Tag Archives: death

Zumba: 1, Corey: 0

If only we could look on the outside how we feel on the inside.

If only we could look on the outside how we feel on the inside.

I have a varsity letter for cheerleading. I dead-lifted 155 lbs for time at CrossFit. I own really nice running shoes. And I’ve watched two whole seasons of So You Think You Can Dance. So how hard can it be to wiggle around to some music? So hard that today, I came to the realization that I will never, ever, even remotely, be considered cool. Hell, cool probably isn’t even cool anymore. Now it’s sick. Or maybe sick was yesterday’s term. I’ll tell you what’s really sick. Sick is that Zumba crap. And I don’t mean sick like cool. I mean sick like you’d have to be out of your ever loving mind to want to try that stuff once you’ve hit the back side of forty.

Back to my demise of cool. It started when I would joke with a young waitress and she would fake laugh like I was witty and scurry off to get me another diet Coke. I figured she just didn’t get the joke, right? Then, one day I made a clever comment to a few college age kids at a gas station. I honestly think I saw one of them roll their eyes. Seriously? I am cool. I do not look my age. I can still do the splits. I’ve even got rap music with explicit lyrics in my iTunes. But today was the final epiphany. Today, sobbing in the parking lot of the community center, it finally hit me: I am my mother’s age. I will never be cool again. I am old.

What brought me to this stark realization? Zumba. Actually, it wasn’t even Zumba, because this class doesn’t bother with the licensing fees. It was “dance fitness.” I got my ass handed to me by something called dance fitness. Oh, I hear you, sister. It took you two months before you could get all of the choreography. I’m catching your drift; it was the hardest thing to figure out that body roll. But here’s the thing: I didn’t leave dance fitness six minutes into the class because I felt like I couldn’t physically handle the grueling arm movements. No, this class gave me a mental beat down.

I would describe to you in length the intricate series of kicks and flicks and popping and locking that was going on all around me in dance fitness, but it would only underline my ever loosening grasp on the modern world. This body roll thingy? Honey, rolls go on a plate. If a roll is going to be a part of my body, it’s going to be from the inside out in the form of cellulite. My body rolls hang over the top of my pants. They peek out from beneath the backside of my bra strap. They are not part of any sort of rhythmic or graceful movement. And this pelvic thrust action with coordinating arm movements? Listen, I’ve got two kids, and a stork didn’t leave them on my door-step. I have been privy to some pelvic thrusting in my day. But not in front of a giant mirror and six other spandex clad thrusters. It’s awkward when I’m watching TV with my kids and the dance to Greased Lightning from Grease comes on. Do you really think I’m going to jerk my baby maker back and forth with clenched fists at my side in front of God and everybody? I don’t think so.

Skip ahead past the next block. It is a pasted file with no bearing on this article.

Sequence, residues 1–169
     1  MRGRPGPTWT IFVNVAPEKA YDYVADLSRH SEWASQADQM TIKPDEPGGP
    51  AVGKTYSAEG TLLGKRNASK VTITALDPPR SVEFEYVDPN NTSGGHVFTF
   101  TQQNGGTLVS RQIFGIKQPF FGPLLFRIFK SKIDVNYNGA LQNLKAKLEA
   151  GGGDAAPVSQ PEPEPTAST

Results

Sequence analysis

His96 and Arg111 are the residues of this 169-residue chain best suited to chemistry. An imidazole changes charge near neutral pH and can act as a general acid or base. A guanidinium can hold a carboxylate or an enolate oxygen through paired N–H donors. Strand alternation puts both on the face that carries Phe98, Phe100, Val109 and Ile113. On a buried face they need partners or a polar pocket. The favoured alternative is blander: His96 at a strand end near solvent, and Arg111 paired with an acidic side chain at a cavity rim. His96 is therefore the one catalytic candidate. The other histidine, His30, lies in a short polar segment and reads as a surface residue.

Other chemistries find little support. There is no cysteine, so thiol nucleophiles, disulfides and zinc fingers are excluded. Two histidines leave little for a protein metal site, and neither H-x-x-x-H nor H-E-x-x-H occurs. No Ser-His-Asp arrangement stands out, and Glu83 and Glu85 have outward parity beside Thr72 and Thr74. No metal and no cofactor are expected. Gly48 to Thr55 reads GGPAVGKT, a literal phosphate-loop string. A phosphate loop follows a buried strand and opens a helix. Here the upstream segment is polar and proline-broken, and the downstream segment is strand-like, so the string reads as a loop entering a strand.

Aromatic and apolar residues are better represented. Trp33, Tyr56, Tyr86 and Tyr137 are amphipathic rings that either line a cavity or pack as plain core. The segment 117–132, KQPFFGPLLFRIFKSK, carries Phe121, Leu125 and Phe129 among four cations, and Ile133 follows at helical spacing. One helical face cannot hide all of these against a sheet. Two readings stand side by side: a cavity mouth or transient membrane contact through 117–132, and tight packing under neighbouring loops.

I went to the Zumba website, just to take a look. Maybe I was looking for a chat room where I could find some sort of support group for Zumba drop outs. You know what I found? They had the nerve to describe their “fitness-parties” as “easy to follow.” Well, turn out the lights, that party is over. Maybe I should have dipped into the kids’ ADHD meds before I went, because I was totally lost. Better yet, maybe I should have brought some for the instructor because as soon as I would get one part of my body moving the same way hers was, she would totally change what she was doing! It would be like asking your grandmother to climb Mt. Everest and just about the time she’s making it to the top you yell, “Never mind, Grandma, we’re going to climb this mountain over here instead!”

So if you’re wondering where you’ll find me in the morning, it won’t be at dance fitness. I’ll be somewhere totally uncool like drinking coffee and talking about the weather, or at the Piggly Wiggly buying some Activia. This old broad won’t be shaking her way into shape. Sign me up for Silver Sneakers. I’ll go sit on a folding chair and do arm curls with 12 ounce cans of vegetable soup.

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Trucks in the Sand

She ran through the woods, breaking through beams of sunlight as her laughter trailed behind her. In the exuberance of her youth she was never winded. Her feet moved from dirt to water to leaves without thought as she chased her dreams down the slope of the ravine. Miles away, he pushed his truck through the sand. The sounds of squeaking swings and children’s voices filled the air around him. His lips vibrated with the noise of a motor and he maneuvered his vehicle across the sandbox, planning his upcoming attack. They had never met. Their eyes had never locked in a glance. He had never heard her sing to her baby doll and she had never watched as he tried to be brave after falling and skinning his knee. Yet years later as she lay in bed, twisting to find the ultimate position of comfort then drifting off to slumber as gently as a summer breeze through an open window; he stood guard in the heat of the desert, eyes alert and mind racing; as trucks rolled by in the sand. He would protect her with his life, this girl he’d never met; now a woman with children of her own. He would not question her devotion, but persevere in his. He was bound by honor, by duty, by destiny; and giving up his freedom to protect hers was as natural as the blood that coursed through his veins. She would never know him. She would never know why he chose to serve her. Some days went by and she didn’t even think of him. But in her heart of hearts she knew he was there and she took comfort in it. She prayed that a gloved hand would never pause above an officer’s brow as his mother clutched a folded flag. And whenever she saw one of his comrades in an airport or a grocery or on the street, she would thank him; even though she knew her words would never reach them all. Miles away, she was the last thing on his mind, yet he continued to fight for her as if she was in his heart.